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dc.contributor.authorMorehouse, Barbara Jo
dc.creatorMorehouse, Barbara Joen_US
dc.date.accessioned2011-11-28T14:14:47Z
dc.date.available2011-11-28T14:14:47Z
dc.date.issued1990en_US
dc.identifier.urihttp://hdl.handle.net/10150/192034
dc.description.abstractThe Santa Cruz River, in the vicinity of Tucson, Arizona, includes one of the oldest continuously inhabited sites in the United States. Changes in the physical landscape of the river and its floodplain, and in the social signification of the landscape, can be classified within four distinctive time periods: before 1890, between 1890 and 1920, between 1920 and 1974, and after 1974. Structuration theory and a landscape-as-text approach were employed to discover and interpret how the social framework, natural events and processes, and the landscape itself interacted ecologically to influence and change each other within each of the four identified time periods.
dc.language.isoenen_US
dc.publisherThe University of Arizona.en_US
dc.rightsCopyright © is held by the author. Digital access to this material is made possible by the University Libraries, University of Arizona. Further transmission, reproduction or presentation (such as public display or performance) of protected items is prohibited except with permission of the author.en_US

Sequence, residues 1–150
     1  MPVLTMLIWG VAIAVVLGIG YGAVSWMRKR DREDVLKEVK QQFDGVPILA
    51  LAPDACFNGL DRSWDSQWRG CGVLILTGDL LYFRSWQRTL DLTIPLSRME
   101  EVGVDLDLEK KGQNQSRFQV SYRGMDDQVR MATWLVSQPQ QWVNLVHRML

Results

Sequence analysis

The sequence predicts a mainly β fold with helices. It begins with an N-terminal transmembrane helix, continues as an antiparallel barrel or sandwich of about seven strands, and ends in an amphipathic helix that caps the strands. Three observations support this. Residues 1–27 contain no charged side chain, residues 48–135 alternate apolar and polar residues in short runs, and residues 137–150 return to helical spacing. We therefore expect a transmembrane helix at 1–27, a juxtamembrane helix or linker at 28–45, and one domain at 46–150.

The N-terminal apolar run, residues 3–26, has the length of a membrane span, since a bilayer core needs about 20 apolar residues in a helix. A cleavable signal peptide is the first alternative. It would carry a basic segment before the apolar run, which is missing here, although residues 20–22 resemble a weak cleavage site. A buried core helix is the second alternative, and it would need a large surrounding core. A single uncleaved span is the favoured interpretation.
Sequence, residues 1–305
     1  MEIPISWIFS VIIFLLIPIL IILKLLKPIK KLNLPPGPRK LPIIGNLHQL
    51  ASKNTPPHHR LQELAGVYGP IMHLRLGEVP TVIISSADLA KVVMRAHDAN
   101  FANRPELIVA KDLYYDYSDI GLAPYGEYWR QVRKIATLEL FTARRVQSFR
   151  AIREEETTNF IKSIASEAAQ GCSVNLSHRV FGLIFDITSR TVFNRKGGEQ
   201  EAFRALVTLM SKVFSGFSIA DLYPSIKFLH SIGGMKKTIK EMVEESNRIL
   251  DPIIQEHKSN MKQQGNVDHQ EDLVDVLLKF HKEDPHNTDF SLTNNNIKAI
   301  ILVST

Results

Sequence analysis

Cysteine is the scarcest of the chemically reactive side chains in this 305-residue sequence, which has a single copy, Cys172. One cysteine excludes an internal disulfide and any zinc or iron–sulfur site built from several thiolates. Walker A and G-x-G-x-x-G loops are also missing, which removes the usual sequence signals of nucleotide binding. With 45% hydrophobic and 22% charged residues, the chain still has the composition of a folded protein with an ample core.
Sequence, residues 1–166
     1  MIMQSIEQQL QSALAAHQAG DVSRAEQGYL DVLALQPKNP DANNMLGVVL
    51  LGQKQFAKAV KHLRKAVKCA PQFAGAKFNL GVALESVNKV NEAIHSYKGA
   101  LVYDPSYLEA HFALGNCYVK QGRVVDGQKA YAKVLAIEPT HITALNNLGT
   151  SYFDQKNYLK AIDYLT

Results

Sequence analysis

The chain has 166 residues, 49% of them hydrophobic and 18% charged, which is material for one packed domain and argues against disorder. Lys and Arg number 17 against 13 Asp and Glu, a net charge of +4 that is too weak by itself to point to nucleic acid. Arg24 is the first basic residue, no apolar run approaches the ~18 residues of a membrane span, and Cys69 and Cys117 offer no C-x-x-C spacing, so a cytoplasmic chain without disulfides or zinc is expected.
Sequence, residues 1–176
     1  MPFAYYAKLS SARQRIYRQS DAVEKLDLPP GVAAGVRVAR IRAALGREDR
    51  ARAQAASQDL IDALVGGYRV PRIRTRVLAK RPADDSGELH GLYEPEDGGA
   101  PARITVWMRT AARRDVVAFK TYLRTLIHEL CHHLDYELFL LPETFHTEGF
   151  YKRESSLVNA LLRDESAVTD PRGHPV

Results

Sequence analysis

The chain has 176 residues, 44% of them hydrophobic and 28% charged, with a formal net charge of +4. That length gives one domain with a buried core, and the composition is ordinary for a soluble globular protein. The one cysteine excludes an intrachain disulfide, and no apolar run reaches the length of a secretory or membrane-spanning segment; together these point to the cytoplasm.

dc.subjectHydrology.
dc.subjectLandscapes -- Arizona -- Tucson Region.
dc.subjectHuman geography -- Santa Cruz River (Ariz. and Mexico)
dc.subjectSanta Cruz River (Ariz. and Mexico)
dc.titleLandscape as text : a sociogeographic study of the Santa Cruz River within the vicinity of Tucson, Arizonaen_US
dc.typeThesis-Reproduction (electronic)en_US
dc.typetexten_US
dc.contributor.chairWaterstone, Marvinen_US
dc.identifier.oclc221706938en_US
thesis.degree.grantorUniversity of Arizonaen_US
thesis.degree.levelmastersen_US
thesis.degree.disciplineGeography and Regional Developmenten_US
thesis.degree.disciplineGraduate Collegeen_US
thesis.degree.nameM.A.en_US
dc.description.notehydrology collectionen_US
refterms.dateFOA2018-08-24T14:33:46Z
html.description.abstractThe Santa Cruz River, in the vicinity of Tucson, Arizona, includes one of the oldest continuously inhabited sites in the United States. Changes in the physical landscape of the river and its floodplain, and in the social signification of the landscape, can be classified within four distinctive time periods: before 1890, between 1890 and 1920, between 1920 and 1974, and after 1974. Structuration theory and a landscape-as-text approach were employed to discover and interpret how the social framework, natural events and processes, and the landscape itself interacted ecologically to influence and change each other within each of the four identified time periods.


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